The renewable energy sector isn’t just growing - it’s booming. The past three months alone has seen the UK announce three major milestones – covering carbon capture and storage, offshore wind and hybrid energy projects - to propel it further down the road towards net zero.
But that journey is no longer only about creating a sustainable, green future. World events have brought security of supply sharply into focus, placing new impetus on governments to accelerate alternative energy projects.
While moving at pace is critical for the planet, the old proverb of more haste, less speed – warning against making errors by acting quickly and without due diligence – should be weighing on the minds of developers.
Nicola Blanshard, CEO of Geoteric, a world-leading AI-driven seismic interpretation software provider, believes the balance of speed and success can be achieved through appropriate application of technology.
She explained: “The need for alternative energy sources beyond hydrocarbons is well understood, and a massive expansion of carbon storage and offshore wind projects will be required to meet the Paris Agreement targets.
A massive expansion of carbon storage and offshore wind projects will be required to meet the Paris Agreement targets.
“For example, only 40 Mtpa of CO2 were captured globally in 2020, and this needs to increase to 7,600 Mtpa by 2050. Similarly, offshore wind capacity needs to expand to more than 50 times its current level.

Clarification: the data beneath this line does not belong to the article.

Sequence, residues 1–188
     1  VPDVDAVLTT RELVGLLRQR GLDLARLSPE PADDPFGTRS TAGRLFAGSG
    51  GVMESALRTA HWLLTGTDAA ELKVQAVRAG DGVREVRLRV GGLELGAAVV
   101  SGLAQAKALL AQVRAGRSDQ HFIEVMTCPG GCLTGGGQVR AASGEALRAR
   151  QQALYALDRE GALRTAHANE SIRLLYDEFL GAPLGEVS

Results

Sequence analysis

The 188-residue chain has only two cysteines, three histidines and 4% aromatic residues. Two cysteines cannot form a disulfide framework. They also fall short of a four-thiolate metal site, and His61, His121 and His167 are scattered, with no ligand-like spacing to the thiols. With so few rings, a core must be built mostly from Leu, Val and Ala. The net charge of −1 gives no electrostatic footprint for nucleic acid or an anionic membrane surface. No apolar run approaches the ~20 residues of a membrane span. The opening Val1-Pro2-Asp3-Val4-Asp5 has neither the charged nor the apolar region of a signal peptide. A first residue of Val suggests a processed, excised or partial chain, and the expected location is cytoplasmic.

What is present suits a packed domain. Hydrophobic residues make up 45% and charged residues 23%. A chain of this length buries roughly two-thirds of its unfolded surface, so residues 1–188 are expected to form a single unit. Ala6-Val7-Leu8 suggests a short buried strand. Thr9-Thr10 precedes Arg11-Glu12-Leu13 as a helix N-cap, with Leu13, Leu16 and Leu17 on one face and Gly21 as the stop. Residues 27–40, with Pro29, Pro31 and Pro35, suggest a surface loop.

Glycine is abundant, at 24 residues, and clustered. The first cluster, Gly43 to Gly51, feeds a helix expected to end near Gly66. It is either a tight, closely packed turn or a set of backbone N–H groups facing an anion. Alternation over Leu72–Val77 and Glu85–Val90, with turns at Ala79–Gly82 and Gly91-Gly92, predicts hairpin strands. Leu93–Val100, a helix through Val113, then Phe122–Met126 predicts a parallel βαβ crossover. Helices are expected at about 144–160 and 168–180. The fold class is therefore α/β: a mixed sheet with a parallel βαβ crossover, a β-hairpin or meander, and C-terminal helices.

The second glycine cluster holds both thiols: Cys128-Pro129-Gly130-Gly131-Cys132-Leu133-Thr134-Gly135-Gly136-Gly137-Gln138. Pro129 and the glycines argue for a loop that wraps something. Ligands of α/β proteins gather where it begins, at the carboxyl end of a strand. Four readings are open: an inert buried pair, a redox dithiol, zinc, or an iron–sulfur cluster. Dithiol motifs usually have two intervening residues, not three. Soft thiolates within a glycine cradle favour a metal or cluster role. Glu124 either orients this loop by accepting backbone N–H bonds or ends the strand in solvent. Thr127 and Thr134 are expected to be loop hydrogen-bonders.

“Substantial capital and resources have already been committed to the energy transition, but nowhere near the level needed. I think we will, however, see an acceleration of this from 2025.
“There is a clear need for rapid and substantial investment in renewable projects, but this urgency shouldn’t lead to uninformed decisions. Digital transformation enables developers to make evidence-based, business-critical decisions through the analysis of data.
“Geoteric is part of that digital transformation. AI seismic interpretation gives a greater understanding of the subsurface than was previously possible and it works hand in hand with geoscientists to deliver fast, accurate results. What previously took months or years can now be achieved in days or even a matter of hours.”
The drive towards renewables in recent years has seen Geoteric move into that sector. While most of the firm’s revenues continue to come from exploration and production in oil and gas, Geoteric has also worked on carbon storage, offshore wind and mineral mining projects since the start of the year.
The drive towards renewables in recent years has seen Geoteric move into the offshore wind sector.
Nicola said: “We’ve seen a sharp rise in enquiries, globally, for non-oil and gas applications. This interest is the strongest in sectors making the greatest investment in seismic data, particularly those projects where results must be delivered quickly to inform investment decisions.
“To date, we see a greater number of projects for offshore wind and geothermal coming from companies in Europe, compared to mineral mining, where we have worked on data from Australia and Africa.”